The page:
The Impact Of AI On Education: What Chatgpt's Outage Taught Us

(MENAFN- Khaleej Times) Last week, ChatGPT had an outage that created global headlines. As one online tech portal headline summed it up aptly -“Millions forced to use brain as OpenAI's ChatGPT takes morning off”. We are still at an early stage of artificial intelligence (AI) integration, and as it forges ahead into every aspect of our lives, it begs the question: why do we still need to Teach students the basics of language, writing, critical thinking, creativity and ethics as processes become automated?

ChatGPT was introduced on November 30, 2022, smashing records to reach 100 million monthly users in just two months. According to OpenAI, there are over a 100 million people using ChatGPT every week in 2024. It has been embraced by users the world over to help draft presentations, reports, speeches, office emails and even personal text messages. Overnight, it has transformed the vocabulary of friends, families and colleagues into that of wordsmiths. Messages and replies are peppered with terms straight from a thesaurus and an overtly positive robot lacking the authentic tone of the person you see in real life. Much to the bane of educators, it has also made the essay and other assignments redundant as students increasingly use it to generate assignments that all read the same.

To add to the chaos or for the better, OpenAI recently unveiled ChatGPTEdu, a ChatGPT for universities version built for university students, faculties and researchers to use. In their blog post 'Bringing AI into the new school year', OpenAI offered universities the ability to build customised versions of ChatGPT to share within university workspaces. It will use GPT-4o, the latest flagship model with text interpretation, coding and mathematics and other key features, such as data analytics, web browsing, document summarisation and an added bonus of working in over 50 languages. Universities would have higher message limits with the caveat that conversations and data are not used to train OpenAI models.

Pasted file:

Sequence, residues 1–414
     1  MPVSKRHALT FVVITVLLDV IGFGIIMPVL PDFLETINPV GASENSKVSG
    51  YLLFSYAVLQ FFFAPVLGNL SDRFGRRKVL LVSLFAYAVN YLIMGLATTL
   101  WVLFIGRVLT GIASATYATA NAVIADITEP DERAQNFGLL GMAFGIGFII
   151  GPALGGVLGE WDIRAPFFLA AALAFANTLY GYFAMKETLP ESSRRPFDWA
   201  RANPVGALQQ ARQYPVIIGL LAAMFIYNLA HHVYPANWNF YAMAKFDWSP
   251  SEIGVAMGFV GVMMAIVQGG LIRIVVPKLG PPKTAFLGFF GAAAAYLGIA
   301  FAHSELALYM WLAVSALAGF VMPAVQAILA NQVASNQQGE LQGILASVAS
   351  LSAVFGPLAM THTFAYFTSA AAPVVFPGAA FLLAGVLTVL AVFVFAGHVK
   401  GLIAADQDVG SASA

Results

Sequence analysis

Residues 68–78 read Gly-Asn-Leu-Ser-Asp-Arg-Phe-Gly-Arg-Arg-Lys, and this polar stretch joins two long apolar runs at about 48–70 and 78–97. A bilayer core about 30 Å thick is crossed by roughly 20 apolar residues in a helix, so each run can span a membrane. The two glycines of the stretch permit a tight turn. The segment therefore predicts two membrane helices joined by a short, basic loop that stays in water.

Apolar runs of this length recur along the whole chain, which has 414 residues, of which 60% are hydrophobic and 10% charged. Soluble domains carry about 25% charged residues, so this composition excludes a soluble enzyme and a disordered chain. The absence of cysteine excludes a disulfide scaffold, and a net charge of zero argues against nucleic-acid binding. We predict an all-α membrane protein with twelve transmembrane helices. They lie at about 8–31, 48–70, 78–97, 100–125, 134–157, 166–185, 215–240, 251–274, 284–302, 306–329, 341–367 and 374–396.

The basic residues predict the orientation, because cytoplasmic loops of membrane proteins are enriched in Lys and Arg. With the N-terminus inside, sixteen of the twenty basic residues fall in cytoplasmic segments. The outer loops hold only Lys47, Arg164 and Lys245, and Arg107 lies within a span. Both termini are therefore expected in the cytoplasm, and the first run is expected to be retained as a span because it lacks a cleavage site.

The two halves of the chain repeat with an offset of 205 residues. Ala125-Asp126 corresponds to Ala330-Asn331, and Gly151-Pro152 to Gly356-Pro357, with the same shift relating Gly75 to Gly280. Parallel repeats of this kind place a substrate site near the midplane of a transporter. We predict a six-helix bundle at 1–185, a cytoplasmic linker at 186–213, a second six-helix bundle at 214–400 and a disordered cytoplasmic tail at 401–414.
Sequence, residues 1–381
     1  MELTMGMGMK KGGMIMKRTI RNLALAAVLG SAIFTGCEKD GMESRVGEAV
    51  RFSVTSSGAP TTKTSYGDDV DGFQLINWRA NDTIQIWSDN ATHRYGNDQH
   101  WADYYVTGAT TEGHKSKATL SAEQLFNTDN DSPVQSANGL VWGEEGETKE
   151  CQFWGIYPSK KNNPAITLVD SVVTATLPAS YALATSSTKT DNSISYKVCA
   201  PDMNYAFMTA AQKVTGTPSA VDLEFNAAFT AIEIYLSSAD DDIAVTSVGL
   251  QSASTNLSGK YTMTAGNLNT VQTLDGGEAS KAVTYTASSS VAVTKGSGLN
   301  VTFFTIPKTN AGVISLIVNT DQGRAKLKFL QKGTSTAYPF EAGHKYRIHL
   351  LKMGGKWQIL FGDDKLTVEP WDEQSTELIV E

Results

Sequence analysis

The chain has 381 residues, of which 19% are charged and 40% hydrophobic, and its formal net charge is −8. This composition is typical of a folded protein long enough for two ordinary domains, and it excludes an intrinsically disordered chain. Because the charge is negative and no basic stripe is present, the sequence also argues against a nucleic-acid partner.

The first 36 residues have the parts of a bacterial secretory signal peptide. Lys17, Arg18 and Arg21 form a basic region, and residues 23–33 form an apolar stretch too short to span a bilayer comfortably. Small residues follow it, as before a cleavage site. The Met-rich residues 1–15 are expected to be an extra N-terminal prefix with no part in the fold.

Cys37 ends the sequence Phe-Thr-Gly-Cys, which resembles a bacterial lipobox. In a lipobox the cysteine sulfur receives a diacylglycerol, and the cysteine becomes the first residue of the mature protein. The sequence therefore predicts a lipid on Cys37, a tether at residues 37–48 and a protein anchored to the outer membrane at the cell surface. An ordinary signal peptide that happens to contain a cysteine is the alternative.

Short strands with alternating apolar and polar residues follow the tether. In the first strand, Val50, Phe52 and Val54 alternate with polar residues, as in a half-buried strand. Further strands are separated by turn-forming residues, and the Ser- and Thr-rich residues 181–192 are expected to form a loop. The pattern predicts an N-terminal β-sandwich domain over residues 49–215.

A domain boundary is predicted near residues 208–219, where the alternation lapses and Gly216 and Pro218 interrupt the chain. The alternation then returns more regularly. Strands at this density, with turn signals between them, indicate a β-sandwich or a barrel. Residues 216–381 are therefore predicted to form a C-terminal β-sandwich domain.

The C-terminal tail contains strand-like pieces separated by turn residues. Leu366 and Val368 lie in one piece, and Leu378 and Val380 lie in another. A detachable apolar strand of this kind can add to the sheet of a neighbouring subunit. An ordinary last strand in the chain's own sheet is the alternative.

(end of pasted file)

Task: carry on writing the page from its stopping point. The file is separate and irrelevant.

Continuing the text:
However, student assignments and academic research around the world now have elements of Generative AI as universities struggle to form and enforce policies on how to deal with it. You have the futurists calling for its integration wholeheartedly as it is embracing and mastering the inevitable, the second group is vehemently opposed to it and the third group secretly hopes it is a dream and will just go away. And then, there is a minority fourth group that wonders what about the checks and balances for these tools? Last year's outright bans by schools and universities have evolved into a more cautious approach by academic institutions and educators. Just last month, in the middle of May 2024, OpenAI disbanded the Long-Term AI Risk Team that was set up“to think about the question of how to keep AI under control”. The OpenAI blog post last year in July 2023 announcing the setting up of the team had stated:“Currently, we don't have a solution for steering or controlling a potentially superintelligent AI, and preventing it from going rogue. We are assembling a team of top machine learning researchers and engineers to work on this problem.” In May 2024 end, they replaced it with a new 'Safety and Security Committee' to evaluate and develop processes. Will that be the safety net we are looking for or end up with ambiguous terms is yet to be seen?